Wednesday, September 29, 2010

Merck v. JNJ Arbitration Wrapping Up Now?

Regular readers know this narrative nearly by heart:

The MSM is vastly understating the size of the potential downside liability to New Merck: it is not "only" $2.6 or $2.7 billion in lost sales revenue -- it is closer to $10 billion, over the next three years -- from Merck's perspective.

Simponi® sales are ramping up ferociously overseas, and Remicade® is a juggernaut -- outside the US. And all of that -- all the high-margin non-US revenue -- may vanish into the mists of Brigadoon, and soon -- for New Merck.

Moreover, Merck would owe J&J about $3.5 billion in refunds, in sales of the pair, just since November of 2009. So, $10 billion over the next three years is a fair estimate, if Merck loses. [BTW, there is no corresponding downside to J&J, should Merck win, as J&J will keep the US market under the agreement, no matter what. And it will still get its split on the non-US sales, from Merck, no matter how the arbitration ends.]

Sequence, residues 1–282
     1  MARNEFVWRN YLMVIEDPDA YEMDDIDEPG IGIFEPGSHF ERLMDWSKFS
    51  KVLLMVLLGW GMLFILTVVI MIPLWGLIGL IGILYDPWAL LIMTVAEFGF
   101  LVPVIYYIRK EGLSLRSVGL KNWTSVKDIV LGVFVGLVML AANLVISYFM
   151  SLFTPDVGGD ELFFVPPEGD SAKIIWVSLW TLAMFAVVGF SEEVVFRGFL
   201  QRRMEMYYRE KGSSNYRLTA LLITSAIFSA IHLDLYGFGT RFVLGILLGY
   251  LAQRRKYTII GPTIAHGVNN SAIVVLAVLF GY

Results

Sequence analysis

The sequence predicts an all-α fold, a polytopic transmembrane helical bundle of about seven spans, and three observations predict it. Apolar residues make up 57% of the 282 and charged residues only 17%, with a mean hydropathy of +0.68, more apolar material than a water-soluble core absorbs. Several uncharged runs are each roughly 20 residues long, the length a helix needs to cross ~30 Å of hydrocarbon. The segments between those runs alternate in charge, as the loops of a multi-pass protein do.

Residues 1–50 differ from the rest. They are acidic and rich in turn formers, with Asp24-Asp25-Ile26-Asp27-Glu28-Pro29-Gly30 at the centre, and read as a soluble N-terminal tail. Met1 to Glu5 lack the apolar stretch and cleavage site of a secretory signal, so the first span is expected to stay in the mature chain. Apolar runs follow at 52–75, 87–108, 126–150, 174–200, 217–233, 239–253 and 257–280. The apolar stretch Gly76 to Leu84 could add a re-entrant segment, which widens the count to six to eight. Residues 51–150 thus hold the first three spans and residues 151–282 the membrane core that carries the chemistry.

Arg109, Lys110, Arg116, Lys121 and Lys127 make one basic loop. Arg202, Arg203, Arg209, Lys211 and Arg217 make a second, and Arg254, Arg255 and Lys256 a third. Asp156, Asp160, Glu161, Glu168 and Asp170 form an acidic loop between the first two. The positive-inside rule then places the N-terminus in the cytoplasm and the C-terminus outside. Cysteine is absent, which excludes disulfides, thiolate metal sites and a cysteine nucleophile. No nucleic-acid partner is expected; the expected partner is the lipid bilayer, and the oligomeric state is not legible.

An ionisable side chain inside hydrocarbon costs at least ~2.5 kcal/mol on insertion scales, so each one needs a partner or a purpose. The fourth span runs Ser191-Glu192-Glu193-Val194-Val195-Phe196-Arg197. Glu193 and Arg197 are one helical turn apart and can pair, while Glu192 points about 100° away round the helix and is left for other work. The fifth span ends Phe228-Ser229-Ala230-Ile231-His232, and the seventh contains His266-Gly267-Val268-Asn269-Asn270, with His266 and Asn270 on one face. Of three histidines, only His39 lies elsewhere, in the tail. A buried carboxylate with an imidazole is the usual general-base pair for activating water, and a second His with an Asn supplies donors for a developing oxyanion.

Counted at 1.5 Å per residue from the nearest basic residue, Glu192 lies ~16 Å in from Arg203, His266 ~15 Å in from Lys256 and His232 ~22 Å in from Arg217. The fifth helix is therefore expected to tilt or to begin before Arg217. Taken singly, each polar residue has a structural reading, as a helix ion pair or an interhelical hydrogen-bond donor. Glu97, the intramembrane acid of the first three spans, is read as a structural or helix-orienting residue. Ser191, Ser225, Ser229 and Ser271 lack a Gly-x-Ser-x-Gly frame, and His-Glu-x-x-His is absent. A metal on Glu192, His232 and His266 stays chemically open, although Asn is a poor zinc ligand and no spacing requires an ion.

It was Schering-Plough, afterall, that had entered the non-US distribution pact with J&J's Centocor. Now its CEO is gone; its stock is no longer listed on the NYSE; its board of directors disbanded (save 3 -- of 12). . . yet "New" Merck would say that tiny old Schering-Plough ate its lunch. A ghost did it, I guess.

As Jim Edwards at B|Net's Placebo Effect has pointed out, the reverse merger was enough of a "change in control" to trigger Schering CEO Fred Hassan's $50 million golden handshake:

. . . .Remicade is now Merck's second-biggest drug. If it has to say goodbye to those revenues -- just as it did to Fred Hassan -- one of its reasons for buying Schering in the first place will have vanished. And Merck's stock price would suffer, angering investors. . .

The final, non-appealable arbitrators' decision in this matter could be announced at any time in the next 20 to 35 days -- if Merck's own previously announced timeline remains accurate. We'll keep you posted.

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